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or Ax·um  (äk′so͞om′)
A town of northern Ethiopia. From the first to the eighth century ad, it was the capital of an empire that controlled much of northern Ethiopia. According to tradition, the Ark of the Covenant was brought here from Jerusalem and placed in the Church of Saint Mary of Zion, where the rulers of Ethiopia were crowned.


(ˈɑːksʊm) or


(Placename) an ancient town in N Ethiopia, in the Tigre region: capital of the Aksumite Empire (1st to 6th centuries ad). According to tradition, the Ark of the Covenant was brought here from Jerusalem


or Ax•um

(ˈɑk sʊm)

a town in N Ethiopia: the capital of an ancient kingdom 1st to c7th centuries b.c.
References in periodicals archive ?
Du would have left from the ancient port of Adulis, the outlet to the sea of the Aksumite Kingdom.
The term "al-Najashi" has the variant al-Negashi; it corresponds to the ancient Aksumite title Negus, with the variant Negash.
Then, Aksumite civilization is presented via a series of chapters, each focusing on a specific cultural aspect.
From a wide range of possibilities (Yule 2009, 2012) it is argued that the likely age range can be narrowed to the short period between the Aksumite victory over Himyar in AD 525 and the downfall of Zafar and the decline of the .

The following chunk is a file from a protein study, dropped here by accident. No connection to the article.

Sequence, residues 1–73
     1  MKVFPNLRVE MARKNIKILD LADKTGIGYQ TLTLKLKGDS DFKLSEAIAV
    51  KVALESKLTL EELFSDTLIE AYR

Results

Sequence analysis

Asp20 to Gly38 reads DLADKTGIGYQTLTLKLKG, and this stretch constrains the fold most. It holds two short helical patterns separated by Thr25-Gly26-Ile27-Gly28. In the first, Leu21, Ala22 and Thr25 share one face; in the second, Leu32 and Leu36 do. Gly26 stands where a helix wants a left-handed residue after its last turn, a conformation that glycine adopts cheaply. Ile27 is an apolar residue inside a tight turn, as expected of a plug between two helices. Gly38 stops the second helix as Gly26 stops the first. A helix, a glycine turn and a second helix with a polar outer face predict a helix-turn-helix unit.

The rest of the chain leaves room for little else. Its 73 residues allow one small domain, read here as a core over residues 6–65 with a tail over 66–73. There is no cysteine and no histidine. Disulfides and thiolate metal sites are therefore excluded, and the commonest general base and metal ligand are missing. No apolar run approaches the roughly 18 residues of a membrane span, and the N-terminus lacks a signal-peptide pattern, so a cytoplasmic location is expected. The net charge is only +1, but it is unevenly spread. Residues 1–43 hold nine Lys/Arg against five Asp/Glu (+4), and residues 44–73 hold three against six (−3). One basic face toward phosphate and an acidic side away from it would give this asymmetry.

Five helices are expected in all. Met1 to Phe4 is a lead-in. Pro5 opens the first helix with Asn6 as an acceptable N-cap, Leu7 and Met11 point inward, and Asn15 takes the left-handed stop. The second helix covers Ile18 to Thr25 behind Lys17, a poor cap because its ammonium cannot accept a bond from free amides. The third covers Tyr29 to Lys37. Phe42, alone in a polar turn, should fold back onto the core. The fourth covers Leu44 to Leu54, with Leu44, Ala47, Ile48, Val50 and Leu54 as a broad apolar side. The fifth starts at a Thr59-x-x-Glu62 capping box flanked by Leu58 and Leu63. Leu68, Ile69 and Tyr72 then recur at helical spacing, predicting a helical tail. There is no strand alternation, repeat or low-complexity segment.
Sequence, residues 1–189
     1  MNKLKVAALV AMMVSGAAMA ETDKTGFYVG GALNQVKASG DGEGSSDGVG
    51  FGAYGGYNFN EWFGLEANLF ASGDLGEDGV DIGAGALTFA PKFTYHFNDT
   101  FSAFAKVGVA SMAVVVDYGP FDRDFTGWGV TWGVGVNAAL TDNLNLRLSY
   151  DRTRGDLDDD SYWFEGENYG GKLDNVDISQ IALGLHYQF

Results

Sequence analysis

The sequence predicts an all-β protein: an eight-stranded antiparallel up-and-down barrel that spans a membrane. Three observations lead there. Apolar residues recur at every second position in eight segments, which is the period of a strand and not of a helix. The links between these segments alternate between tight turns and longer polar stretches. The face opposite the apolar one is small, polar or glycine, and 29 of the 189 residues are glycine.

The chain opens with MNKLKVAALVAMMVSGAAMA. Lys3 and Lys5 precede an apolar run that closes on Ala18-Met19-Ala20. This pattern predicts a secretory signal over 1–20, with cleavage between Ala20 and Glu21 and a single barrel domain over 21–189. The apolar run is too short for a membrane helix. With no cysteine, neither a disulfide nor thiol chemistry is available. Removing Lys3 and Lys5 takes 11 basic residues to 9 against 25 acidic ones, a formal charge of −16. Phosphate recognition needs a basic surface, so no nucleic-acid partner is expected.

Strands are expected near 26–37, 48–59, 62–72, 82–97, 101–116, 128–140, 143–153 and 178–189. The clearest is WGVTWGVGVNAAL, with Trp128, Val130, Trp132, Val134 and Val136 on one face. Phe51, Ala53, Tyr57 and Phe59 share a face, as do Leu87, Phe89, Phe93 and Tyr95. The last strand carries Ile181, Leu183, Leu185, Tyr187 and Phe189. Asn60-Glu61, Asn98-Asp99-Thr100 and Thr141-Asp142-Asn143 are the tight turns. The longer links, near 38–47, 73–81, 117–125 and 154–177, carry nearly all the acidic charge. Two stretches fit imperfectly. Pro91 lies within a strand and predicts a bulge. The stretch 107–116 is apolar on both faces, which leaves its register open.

Aksum invaded South Arabia several times during late antiquity, the invasions of 518 and 525 in the reign of the Aksumite king Kaleb being the main focus of this dissertation.
The original church of Saint Mary of Zion was built in the fourth century during the reign of King Ezana, who converted the Aksumite kingdom to Christianity after he himself was converted by two Syrian Christian priests who told him about the life of Jesus Christ.
Hatke, "Africans in Arabia Felix: Aksumite Relations with the Arabian Peninsula, 200-800 CE" (Ph.
When did the Southern Arabian and Ethiopian cultures begin to intermingle and provide a bridge between the highly-developed Aksumite pattern of building with its remarkable funerary stelae and the basilical-style of the first church buildings that followed the adoption of the Christian faith by the king in Aksum?
Unfortunately, little is known about them -- how or why they were constructed, the rituals associated with them, how they relate to the adjacent tombs, or Aksumite life in general.
It was likely an Aksumite administrative centre that also had a significant Pre-Axumite settlement that has been dated to approximately 500 BC by the French archaeologist Francis Anfray (1967; 1974), suggesting that the communities around today's Asmara were the first in the region to show an organic growth toward demographic complexity.